Model of the Great Synagogue, Aleppo at the Beit Hatefutsot museum, Tel Aviv
Whatever has happened to the Great synagogue of Aleppo? So far, there has been no news if the current fighting has damaged the historic building. Matti Friedman reports in The Times of Israel:
Aleppo is one of the world’s oldest and most beautiful
cities, its entire Old City recognized as a UNESCO World Heritage site. A
recent Lonely Planet guide, now quite useless, described Aleppo as a
“fragile treasure” with the “air of an Arabian bazaar city.”
Today, Aleppo appears to be suffering
irreparable damage as its people battle inconclusively to control it.
(For a gut-wrenching look at the effects of the violence, see The Atlantic’s recent compilation of photos from the city.)
For centuries a cosmopolitan trading center
with populations of Muslims, Syrian Christians, Armenians, and foreign
traders, Aleppo was also once home to one of the world’s oldest Jewish
communities. The Aleppo Jews had been there for centuries by the time
the Second Temple in Jerusalem was destroyed by Rome in 70 CE.
This week, reports emerged that the 12th-century
Ummayad mosque in Aleppo, used as a base by government troops, was
badly damaged. The Citadel, the fortress that dominates the Old City,
has also been harmed. A large fire consumed swaths of the medieval
souks. But there has been no news of the Great Synagogue, a structure
that dates back 1,500 years and was as recently as two decades ago the
world’s oldest continually functioning Jewish house of prayer. For the
Jews of Aleppo, it was the traditional center of communal life and a
symbol of their unique continuity in this Syrian city.
Since the last Jews left two decades ago, the
outwardly inconspicuous building — which sits behind a wall off an
alleyway in what used to be the Jewish Quarter — has been locked,
accessible only with the permission of the regime. Occasionally visited
by foreigners, it was intact before the fighting started.
Accurate reports of the extent and location of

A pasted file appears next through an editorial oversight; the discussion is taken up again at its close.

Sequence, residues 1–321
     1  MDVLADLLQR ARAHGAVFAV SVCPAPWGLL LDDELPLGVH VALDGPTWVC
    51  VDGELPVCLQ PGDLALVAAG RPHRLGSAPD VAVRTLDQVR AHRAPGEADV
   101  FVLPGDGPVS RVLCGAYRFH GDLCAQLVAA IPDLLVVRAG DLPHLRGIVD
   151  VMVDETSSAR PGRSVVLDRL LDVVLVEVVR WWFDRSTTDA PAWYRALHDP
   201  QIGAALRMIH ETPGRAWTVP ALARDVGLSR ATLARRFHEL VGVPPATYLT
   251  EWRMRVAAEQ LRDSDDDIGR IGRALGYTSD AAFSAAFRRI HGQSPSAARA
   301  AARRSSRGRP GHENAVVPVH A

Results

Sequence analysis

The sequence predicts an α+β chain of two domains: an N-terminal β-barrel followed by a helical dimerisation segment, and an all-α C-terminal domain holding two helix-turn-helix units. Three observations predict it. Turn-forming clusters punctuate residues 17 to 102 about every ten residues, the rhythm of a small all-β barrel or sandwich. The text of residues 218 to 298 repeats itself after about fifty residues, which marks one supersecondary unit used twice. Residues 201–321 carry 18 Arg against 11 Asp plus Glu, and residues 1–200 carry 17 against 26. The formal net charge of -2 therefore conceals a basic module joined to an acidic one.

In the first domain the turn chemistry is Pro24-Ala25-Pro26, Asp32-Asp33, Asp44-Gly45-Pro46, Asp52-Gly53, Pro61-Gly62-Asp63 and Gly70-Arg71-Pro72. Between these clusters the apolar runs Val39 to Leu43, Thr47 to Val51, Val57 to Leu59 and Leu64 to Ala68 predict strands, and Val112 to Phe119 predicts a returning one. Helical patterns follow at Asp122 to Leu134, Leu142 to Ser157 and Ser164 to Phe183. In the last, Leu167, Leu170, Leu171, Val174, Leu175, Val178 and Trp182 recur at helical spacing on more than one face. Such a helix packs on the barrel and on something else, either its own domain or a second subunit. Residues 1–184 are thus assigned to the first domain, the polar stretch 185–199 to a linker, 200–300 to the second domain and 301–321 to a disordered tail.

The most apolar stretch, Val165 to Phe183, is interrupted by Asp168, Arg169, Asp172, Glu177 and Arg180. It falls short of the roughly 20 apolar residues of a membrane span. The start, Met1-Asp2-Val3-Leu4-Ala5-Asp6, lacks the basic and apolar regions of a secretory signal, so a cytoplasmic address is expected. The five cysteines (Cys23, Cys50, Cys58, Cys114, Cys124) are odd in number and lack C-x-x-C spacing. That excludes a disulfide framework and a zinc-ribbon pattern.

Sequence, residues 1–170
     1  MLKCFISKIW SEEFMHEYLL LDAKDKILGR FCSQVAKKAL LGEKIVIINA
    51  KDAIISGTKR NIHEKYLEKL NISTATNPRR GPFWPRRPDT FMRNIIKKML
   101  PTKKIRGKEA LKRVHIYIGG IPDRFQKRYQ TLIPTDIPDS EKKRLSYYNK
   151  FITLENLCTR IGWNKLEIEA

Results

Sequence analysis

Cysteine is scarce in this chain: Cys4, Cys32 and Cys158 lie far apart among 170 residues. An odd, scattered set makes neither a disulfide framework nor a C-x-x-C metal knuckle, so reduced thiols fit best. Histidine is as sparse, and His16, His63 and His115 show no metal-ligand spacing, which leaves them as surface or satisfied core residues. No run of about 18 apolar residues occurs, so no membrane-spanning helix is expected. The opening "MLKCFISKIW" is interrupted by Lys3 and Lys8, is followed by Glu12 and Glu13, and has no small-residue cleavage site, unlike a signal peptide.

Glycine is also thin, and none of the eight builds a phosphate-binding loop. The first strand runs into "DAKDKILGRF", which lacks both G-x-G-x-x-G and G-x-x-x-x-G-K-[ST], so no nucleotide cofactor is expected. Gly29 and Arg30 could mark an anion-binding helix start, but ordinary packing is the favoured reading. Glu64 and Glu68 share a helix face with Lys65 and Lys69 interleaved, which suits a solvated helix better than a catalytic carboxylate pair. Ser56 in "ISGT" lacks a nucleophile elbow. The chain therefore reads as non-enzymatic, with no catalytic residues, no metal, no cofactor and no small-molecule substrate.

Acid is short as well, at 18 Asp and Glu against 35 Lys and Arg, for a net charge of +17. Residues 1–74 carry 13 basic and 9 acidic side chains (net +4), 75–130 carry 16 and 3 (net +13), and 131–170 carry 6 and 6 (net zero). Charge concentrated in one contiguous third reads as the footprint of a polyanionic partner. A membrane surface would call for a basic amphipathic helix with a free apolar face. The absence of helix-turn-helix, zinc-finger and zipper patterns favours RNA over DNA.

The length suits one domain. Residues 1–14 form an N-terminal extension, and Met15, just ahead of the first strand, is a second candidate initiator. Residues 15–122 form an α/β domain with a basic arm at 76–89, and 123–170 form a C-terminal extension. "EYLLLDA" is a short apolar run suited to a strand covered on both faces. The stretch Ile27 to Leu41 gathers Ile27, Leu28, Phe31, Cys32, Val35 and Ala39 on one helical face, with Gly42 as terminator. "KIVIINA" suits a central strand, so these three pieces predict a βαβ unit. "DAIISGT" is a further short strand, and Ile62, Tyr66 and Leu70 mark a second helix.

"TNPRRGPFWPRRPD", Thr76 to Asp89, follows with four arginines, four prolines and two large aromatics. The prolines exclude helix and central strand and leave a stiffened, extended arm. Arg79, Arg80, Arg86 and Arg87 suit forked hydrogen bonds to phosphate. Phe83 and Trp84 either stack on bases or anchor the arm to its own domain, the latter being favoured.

the damage in Aleppo are hard to come by, and since there are no Jews
left in the city, the synagogue has drawn no notice amid the more famous
sites threatened or damaged in the fighting.
“This is one of the oldest synagogues in the
world, and it served one of the oldest Jewish communities in the world
outside Israel,” said Ezra Kassin, a researcher with the Aleppo Jewish
community’s heritage center in Tel Aviv. The destruction of the
building, he said, would be a “huge sentimental and historical loss for
the Jewish people and for humanity.”
The heritage center has received no
information on the building’s fate, Kassin said, or on the several dozen
other Jewish sites — empty synagogues and schools, as well as
cemeteries and other communal properties — that remain in the city under
The oldest part of the Great Synagogue, a basilica, dates to the 5th or 6th
centuries CE, when the city was under Byzantine rule. Jews are thought
to have been in Aleppo for 800 years or more by that time. Local
traditions claimed the building’s foundations had actually been laid by
Yoav, King David’s general, who captured Aleppo — known in Hebrew as
Aram Tzova — in an episode briefly mentioned in the Bible.
Over the years, the synagogue was expanded
several times. It was repaired after a Mongol invasion and massacre, and
again after a later earthquake devastated the city. Beginning in the 14th
century, the synagogue housed the Aleppo Codex, the most accurate copy
of the Hebrew Bible and Judaism’s most important manuscript.
The synagogue, with its dark grottoes,
interlocking chambers, seven arks of the Torah, and sunlit courtyard
where prayers were held in summer, was the scene of many of the stories
and legends recounted by local Jews. One of the more popular ones
involved a mythical snake which lived inside a walled-off niche known as
the “Sealed Ark,” and which was said to emerge to protect the community
in times of danger.
After the United Nations vote on November 29,
1947, to partition Palestine, mobs in Aleppo attacked the Jewish
community. The rioters burned stores, schools, homes, and 18 synagogues,
according to contemporary reports. The Great Synagogue was torched. The
Aleppo Codex disappeared, resurfacing mysteriously in Jerusalem ten
years later. The riot marked the beginning of the end for Aleppo’s Jews,
who began fleeing Syria for Israel or the West. Most were gone by the
mid-1950s, part of a great exodus of Jews from Islamic countries in
those years. The synagogue fell further into disrepair.